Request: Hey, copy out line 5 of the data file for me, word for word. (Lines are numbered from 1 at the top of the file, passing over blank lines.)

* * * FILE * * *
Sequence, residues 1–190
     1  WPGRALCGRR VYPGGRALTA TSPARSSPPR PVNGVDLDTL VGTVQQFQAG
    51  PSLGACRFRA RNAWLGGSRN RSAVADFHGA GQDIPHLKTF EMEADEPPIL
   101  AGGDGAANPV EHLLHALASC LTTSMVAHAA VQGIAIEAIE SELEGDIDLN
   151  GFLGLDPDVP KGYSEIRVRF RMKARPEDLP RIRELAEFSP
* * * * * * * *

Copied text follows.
   151  GFLGLDPDVP KGYSEIRVRF RMKARPEDLP RIRELAEFSP